Why RAREs are not so rare

matrix2From this site, we learn

Retinoic acid (RA) may act as a regulator of differentiation at various stages of vertebrate embryogenesis. In particular, the results of exogeneous RA treatment have implicated RA in antero-posterior patterning both along the body axis and in developing Limb bud.

and

Retinoic Acid receptors (RARs) are nuclear receptors related to the steroid and thyroid hormone Receptors, a family of proteins that function as ligand-dependent transcription factors.

RAR’s are not membrane receptors, but instead exist as proteins in the cytoplasm.

Because retinoic acid is a hydrophobic molecule, it easily slips across the membrane.  When it binds to the RAR, it is then able to bind the DNA to alter the expression of genes involved in embryonic development, as shown in the figure below:

rar

The RAR binds to a DNA motif known as the RARE (RAR element).  There are slightly different versions of the RAREs, and one form, known as DR2, is actually found as part of the Alu element:

Notably, a motif, AGGTCAnnAGTTCG, found within most subclasses of AluS sequences, corresponds to a non-consensus DR2 element recognized by RARs, and has been shown to function as a RARE.

From: David Laperriere, Tian-Tian Wang, John H White and Sylvie Mader. 2007. Widespread Alu repeat-driven expansion of consensus DR2 retinoic acid response elements during primate evolution. BMC Genomics 8:23.

So embedded with the Alu sequence is a DNA sequence that is able to recruit RARs!  But it gets even more interesting, as the DNA motif contained within the Alu element can become an even better binding site by one of the most common mutations:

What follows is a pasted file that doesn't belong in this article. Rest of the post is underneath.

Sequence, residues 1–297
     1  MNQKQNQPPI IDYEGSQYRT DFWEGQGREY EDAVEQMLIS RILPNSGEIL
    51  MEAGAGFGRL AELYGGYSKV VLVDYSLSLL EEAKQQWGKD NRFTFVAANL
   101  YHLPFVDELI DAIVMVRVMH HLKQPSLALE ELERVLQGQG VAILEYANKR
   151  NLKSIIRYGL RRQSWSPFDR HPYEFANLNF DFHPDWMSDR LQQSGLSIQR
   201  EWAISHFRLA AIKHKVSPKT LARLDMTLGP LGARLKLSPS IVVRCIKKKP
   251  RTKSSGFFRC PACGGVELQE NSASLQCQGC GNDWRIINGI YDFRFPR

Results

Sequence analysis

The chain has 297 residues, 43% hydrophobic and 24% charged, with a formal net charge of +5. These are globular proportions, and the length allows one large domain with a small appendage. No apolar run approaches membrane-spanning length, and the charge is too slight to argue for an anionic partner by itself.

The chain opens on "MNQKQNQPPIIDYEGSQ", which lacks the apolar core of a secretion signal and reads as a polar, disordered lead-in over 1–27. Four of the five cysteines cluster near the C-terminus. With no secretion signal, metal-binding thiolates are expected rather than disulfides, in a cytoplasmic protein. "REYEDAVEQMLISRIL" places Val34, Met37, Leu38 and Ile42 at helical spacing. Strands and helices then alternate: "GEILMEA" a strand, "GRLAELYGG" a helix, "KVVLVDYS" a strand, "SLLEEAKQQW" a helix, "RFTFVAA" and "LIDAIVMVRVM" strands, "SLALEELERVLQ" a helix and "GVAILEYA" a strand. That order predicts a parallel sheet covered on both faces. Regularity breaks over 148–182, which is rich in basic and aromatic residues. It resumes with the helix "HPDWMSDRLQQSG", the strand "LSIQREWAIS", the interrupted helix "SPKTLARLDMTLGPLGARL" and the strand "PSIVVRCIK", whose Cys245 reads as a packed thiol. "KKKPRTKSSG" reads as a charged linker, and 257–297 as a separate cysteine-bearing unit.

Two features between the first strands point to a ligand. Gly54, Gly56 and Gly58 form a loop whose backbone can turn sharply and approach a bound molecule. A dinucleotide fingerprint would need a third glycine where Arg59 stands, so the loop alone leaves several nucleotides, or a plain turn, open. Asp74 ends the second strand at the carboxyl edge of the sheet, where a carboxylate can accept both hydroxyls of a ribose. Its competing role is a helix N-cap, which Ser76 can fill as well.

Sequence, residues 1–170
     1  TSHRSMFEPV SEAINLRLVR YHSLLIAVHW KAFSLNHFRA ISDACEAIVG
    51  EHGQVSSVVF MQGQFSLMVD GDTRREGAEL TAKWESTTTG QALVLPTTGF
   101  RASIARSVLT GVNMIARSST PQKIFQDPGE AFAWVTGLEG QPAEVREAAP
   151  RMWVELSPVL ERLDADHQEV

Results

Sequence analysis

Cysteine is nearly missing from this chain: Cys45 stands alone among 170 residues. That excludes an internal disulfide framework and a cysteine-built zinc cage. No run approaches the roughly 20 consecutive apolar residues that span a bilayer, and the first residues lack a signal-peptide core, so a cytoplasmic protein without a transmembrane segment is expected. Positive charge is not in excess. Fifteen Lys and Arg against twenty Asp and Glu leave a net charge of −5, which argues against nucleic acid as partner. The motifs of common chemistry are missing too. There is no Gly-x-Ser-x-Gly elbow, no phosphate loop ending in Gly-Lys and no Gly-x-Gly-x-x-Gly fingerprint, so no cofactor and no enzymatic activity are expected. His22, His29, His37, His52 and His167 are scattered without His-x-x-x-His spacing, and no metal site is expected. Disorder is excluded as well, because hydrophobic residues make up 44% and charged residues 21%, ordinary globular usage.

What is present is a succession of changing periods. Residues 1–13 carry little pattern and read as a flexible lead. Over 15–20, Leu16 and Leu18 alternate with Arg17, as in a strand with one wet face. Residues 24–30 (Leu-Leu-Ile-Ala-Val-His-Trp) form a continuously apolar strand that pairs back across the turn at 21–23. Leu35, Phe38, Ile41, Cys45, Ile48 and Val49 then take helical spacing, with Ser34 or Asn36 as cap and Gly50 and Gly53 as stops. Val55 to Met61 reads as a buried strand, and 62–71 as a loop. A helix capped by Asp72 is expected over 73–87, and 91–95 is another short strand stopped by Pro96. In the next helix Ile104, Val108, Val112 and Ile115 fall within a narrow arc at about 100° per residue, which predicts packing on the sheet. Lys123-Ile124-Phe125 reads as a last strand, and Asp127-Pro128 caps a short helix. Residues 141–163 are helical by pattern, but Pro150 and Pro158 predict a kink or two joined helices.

We have mapped the positions of all consensus DR-type hormone response elements in the human genome, and found that DR2 motifs, recognized by retinoic acid receptors (RARs), are heavily overrepresented (108,582 elements). 90% of these are present in Alu repeats….. 95.5% of Alu-DR2s are distributed throughout subclasses of AluS repeats, and arose largely through deamination of a methylated CpG dinucleotide in a non-consensus motif present in AluS sequences. We find that Alu-DR2 motifs are located adjacent to numerous known retinoic acid target genes, and show by chromatin immunoprecipitation assays in squamous carcinoma cells that several of these elements recruit RARs in vivo.

The researchers conclude their study by noting

We find that consensus DR2 motifs are heavily overrepresented in the human genome relative to other DR response elements due to their presence in a subset of Alu motifs, in particular in AluS sequences…. Consensus Alu-DR2 elements arose predominantly through deamination of a methylated CpG dinucleotide present in AluS elements rather than through random base substitutions.

Readers of The Design Matrix may have perked up. Did someone say deamination?  Deamination? Alu elements, reformatting the genome, also contain sequence that can be converted to a consensus RAR binding site by through the process of cytosine deamination.

The non-telic perspective has insisted, “Any engineer would have replaced cytosine, but evolution is a tinkerer not an engineer.”  But as I noted years ago:

A second possible explanation was that cytosine was chosen because of its predisposition to undergo deamination. This explanation may also intersect with the hypothesis of necessity, as a good designer often finds ways to turn a “design problem” into an opportunity. In this case, let me propose that cytosine, far from being something any engineer would replace, may actually have played an instrumental role in the front-loading of evolution. Put simply, C-to-T transitions, as a function of deamination, may have posed a form of “direction” on evolution.

We might now catch a glimpse of one possible such direction – the creation of RAR binding sites during the reformatting of vertebrate developmental programs.

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